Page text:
The Characters

(Literary Essentials: African American Literature)

Bronx Masquerade features the literary equivalent of an ensemble cast. The novel is filled with the voices of these young adults. By contrast, the voice of Mr. Ward, their teacher, is never heard directly. The students speak, first in prose then in verse. Writing in The Horn Book Magazine, reviewer Susan P. Bloom said, “Grimes asks a lot of poetry in this short, fast-paced novel: within a year these eighteen kids have allowed poetry to turn them into a family and to turn them around.”

Grimes, who was born in Harlem and has lived in nearly every borough in New York City, presents eighteen young men and women, each with a unique voice and a special circumstance. With the exception of Tyrone Bittings, the students get about equal billing. Tyrone is essentially the emcee of the novel, the man who comes on stage between the acts to crack wise and give the next act time to set up.

Depending on one’s frame of mind and personal experience, one might find a particular student’s story more compelling than the others or more relevant to one’s own life. However, each young character is sufficiently drawn by Grimes to convey his or her story.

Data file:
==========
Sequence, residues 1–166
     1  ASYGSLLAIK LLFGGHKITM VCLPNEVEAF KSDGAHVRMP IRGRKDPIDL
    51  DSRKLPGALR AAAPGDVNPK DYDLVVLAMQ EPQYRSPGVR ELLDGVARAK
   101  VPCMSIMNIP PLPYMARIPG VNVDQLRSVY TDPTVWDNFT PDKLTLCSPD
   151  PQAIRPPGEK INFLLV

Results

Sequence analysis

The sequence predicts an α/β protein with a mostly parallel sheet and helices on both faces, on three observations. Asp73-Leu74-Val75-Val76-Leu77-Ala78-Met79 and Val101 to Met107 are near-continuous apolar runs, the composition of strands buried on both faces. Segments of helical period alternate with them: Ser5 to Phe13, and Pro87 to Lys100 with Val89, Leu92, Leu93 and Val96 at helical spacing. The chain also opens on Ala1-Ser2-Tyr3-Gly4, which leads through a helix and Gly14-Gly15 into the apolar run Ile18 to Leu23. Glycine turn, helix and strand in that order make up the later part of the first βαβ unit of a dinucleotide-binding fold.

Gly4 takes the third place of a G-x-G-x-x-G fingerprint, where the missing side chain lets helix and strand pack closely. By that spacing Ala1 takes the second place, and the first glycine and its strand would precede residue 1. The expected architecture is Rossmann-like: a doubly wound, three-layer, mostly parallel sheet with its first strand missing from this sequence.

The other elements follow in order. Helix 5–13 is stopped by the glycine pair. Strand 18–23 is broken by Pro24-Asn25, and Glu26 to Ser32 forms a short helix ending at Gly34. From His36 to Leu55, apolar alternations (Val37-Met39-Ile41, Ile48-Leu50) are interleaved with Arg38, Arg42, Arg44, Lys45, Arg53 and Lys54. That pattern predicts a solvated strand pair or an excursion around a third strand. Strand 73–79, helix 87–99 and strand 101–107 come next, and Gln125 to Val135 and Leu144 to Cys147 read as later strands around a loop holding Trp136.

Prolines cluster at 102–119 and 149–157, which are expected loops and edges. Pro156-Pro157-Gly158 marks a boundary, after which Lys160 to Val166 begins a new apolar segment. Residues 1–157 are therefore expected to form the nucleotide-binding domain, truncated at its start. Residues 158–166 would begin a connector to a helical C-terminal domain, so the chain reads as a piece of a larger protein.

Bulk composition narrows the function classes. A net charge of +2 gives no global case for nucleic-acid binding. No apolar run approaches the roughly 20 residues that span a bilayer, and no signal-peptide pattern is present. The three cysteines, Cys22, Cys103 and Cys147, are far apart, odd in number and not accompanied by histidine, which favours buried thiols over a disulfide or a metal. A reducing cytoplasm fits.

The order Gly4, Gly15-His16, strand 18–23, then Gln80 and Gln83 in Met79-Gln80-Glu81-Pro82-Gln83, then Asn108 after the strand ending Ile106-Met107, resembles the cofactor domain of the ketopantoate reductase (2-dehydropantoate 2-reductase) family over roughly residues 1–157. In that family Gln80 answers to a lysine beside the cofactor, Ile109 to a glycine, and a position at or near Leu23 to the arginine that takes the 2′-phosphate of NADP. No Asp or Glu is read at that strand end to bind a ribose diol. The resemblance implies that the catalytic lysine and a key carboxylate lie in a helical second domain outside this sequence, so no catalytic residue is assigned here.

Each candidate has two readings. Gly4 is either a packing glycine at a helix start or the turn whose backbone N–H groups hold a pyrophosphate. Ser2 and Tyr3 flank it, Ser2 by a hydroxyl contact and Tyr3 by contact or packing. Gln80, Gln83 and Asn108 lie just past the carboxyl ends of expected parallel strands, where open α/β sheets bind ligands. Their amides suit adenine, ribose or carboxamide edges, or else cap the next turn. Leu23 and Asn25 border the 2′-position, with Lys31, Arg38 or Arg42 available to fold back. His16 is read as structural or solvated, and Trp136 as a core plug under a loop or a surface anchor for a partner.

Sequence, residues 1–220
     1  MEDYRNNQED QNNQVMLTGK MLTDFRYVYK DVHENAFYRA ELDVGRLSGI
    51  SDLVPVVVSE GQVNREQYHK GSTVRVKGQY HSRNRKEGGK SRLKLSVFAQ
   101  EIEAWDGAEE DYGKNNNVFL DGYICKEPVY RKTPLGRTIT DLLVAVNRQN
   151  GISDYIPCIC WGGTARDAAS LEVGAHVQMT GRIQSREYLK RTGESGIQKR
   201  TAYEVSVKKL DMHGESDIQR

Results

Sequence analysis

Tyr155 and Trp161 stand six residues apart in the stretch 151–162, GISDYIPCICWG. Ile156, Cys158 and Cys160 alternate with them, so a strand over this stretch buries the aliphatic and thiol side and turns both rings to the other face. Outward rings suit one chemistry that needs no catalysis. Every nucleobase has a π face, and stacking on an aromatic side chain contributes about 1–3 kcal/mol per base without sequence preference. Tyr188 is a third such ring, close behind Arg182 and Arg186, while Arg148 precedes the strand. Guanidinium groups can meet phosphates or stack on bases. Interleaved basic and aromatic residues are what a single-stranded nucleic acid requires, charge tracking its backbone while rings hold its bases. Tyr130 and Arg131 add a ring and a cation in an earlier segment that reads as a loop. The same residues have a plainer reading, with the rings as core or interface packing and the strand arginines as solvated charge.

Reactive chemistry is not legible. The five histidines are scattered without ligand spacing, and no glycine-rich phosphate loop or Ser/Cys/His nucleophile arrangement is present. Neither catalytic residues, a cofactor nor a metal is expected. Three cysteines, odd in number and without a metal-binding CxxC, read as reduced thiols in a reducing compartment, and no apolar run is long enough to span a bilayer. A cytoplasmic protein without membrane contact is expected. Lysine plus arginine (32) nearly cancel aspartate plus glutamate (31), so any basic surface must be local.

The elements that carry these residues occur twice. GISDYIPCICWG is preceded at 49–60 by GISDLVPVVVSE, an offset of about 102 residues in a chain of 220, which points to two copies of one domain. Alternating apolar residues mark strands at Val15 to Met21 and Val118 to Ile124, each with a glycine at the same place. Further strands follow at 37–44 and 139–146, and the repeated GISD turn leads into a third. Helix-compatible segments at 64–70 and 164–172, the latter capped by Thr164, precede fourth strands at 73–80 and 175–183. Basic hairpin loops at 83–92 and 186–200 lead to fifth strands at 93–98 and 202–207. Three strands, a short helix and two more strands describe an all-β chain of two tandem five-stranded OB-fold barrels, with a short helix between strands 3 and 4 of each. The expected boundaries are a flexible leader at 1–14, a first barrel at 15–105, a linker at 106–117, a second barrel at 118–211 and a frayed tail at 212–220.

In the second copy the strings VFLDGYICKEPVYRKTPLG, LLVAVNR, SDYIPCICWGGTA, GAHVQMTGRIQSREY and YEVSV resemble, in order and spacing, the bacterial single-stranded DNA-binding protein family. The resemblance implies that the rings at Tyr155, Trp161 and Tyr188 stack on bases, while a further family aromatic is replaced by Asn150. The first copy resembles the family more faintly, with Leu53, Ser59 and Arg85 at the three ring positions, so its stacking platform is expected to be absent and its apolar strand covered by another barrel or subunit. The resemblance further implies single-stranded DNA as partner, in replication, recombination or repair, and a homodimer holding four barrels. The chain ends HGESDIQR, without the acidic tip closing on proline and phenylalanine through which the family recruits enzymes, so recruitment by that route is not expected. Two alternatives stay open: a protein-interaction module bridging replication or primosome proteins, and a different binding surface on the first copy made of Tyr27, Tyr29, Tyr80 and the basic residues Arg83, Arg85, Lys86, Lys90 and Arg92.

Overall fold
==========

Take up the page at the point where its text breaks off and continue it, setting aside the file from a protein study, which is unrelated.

One student, Diondra Jordan, is tall and lanky. Her father looks at her and sees the son he never had, the basketball player he has always dreamed of, but his daughter is awkward and inept at sports. With a charcoal pencil, however, she can capture a person’s essence and allow a viewer to see her subject’s soul through carefully rendered eyes. As the novel begins, she has no idea of the depth of her talent. She only knows that she loves to draw. It is another student in the class, Raul Ramirez, confident and determined, who is the class artist. He uses Mr. Ward’s desk as a miniature studio before each class. Only when Raul sees one of Diondra’s drawings does she realize that she has a gift: Raul chases after Diondra down the hallway just so he can get a better look at her drawing and tell her he only wishes he had her skill. Only then does Diondra begin to believe in herself.

This type of discovery transforms to some degree every student in Mr. Ward’s class. The vehicle for each transformation is poetry.